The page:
Report: About half of people use vitamins and supplements in U.S.
Consumption of multivitamins, calcium and other popular nutritional supplements has increased among American adults, and more than half of them use one supplement per day on an average, finds a new government study.
Dietary supplements, containing huge amounts of certain nutrients, are used to treat the deficiency of nutritional elements in a person's diet.
Moreover, usage of these supplements is not regulated by the Food and Drug Administration (FDA).
About half of all Americans take supplements relentlessly
The study, backed by the Centers for Disease Control and Prevention's National Center for Health Statistics, mainly focused on the usage of vitamin D, calcium and folic acid supplements.
More than 40 percent of adult population in the United States has been found to use supplements from 1988 to 1994, and nearly 50% has started taking vitamins from 2003 to 2006.
Jaime Gahche, a nutritional researcher with the National Center for Health Statistics as well as the lead author of the study said, "Although we were not surprised, it is interesting to note that not only did supplemental calcium use and vitamin D use increase for all women aged 60 and over from 1988 to 1994 to 1999 to 2002, but there was also an increase from [between] 1999 [and] 2002 to 2003 to 2006”.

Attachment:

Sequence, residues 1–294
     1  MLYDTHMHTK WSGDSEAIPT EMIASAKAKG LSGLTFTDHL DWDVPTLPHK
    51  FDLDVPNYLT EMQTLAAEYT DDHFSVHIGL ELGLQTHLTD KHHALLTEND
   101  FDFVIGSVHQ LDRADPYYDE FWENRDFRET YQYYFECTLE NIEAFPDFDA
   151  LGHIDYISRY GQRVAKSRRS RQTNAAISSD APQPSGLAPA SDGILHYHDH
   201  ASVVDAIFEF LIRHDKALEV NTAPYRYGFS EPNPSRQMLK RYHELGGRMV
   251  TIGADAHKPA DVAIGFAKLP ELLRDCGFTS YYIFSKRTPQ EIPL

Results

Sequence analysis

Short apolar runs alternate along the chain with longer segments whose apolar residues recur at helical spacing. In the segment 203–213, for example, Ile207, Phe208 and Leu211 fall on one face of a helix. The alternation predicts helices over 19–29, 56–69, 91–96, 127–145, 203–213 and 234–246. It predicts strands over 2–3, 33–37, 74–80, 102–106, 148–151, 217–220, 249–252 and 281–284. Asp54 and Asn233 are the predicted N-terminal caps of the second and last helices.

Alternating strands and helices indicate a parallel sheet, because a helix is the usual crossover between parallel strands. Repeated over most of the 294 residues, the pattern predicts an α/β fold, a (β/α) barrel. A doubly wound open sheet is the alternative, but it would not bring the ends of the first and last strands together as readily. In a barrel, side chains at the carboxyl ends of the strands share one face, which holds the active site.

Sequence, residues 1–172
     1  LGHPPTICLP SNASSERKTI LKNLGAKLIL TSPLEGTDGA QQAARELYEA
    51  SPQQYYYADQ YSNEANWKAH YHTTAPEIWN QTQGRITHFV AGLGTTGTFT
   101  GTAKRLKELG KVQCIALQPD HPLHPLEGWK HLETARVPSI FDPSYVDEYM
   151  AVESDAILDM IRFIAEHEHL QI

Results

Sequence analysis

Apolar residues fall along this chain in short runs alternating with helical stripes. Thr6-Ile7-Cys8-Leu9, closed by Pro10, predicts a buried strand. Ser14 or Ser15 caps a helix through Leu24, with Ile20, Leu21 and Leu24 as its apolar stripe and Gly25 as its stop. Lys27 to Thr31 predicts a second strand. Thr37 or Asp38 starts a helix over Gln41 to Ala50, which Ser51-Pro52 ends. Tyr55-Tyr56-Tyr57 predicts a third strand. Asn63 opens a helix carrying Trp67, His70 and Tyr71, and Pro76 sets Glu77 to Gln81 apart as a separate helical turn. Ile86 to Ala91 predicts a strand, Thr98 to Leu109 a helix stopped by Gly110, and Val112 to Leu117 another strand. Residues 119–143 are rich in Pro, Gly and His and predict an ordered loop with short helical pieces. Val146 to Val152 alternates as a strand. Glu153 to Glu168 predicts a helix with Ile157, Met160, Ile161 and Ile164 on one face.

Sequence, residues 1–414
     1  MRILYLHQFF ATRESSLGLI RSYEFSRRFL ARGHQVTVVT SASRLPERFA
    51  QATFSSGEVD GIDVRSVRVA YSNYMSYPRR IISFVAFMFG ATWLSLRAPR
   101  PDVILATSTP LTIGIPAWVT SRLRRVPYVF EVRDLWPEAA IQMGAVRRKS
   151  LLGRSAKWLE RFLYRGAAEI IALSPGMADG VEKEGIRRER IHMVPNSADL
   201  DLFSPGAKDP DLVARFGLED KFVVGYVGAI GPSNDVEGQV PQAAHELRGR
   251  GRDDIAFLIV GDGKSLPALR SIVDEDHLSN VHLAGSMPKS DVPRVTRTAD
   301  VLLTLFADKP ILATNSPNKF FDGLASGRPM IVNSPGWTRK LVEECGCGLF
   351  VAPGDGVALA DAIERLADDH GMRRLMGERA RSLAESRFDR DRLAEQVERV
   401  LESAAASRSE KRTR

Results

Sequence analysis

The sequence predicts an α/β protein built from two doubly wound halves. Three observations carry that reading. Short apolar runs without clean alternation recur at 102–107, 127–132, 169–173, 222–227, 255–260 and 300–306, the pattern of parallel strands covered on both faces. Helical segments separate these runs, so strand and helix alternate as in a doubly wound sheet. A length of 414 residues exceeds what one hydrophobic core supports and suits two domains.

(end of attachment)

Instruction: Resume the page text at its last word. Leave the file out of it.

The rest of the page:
The study also finds that multivitamins are the most well-liked supplements.
However, incorporating more fresh fruits and vegetables into diet is more helpful to meet the nutritional demand rather than taking dietary pills or supplements, say experts.
Healthy diet is better than supplements
According to Dr. Darwin Deen, clinical professor in the department of family and social medicine at Albert Einstein College of Medicine in New York, "People are looking for help with what they believe is a problem but trying to solve it the wrong way. Our diet contains too many processed foods that do not have the nutrients we need to keep us healthy -- soda and chips -- so people respond by taking vitamins."
But, people should ask their doctors for advice before taking such supplements.
Individuals often think that taking nutritional supplement is nothing but just an easy alternative to get essential nutrients, though it is not true always, said Dr. Donald Hensrud, associate professor of preventive medicine and nutrition at Mayo Clinic.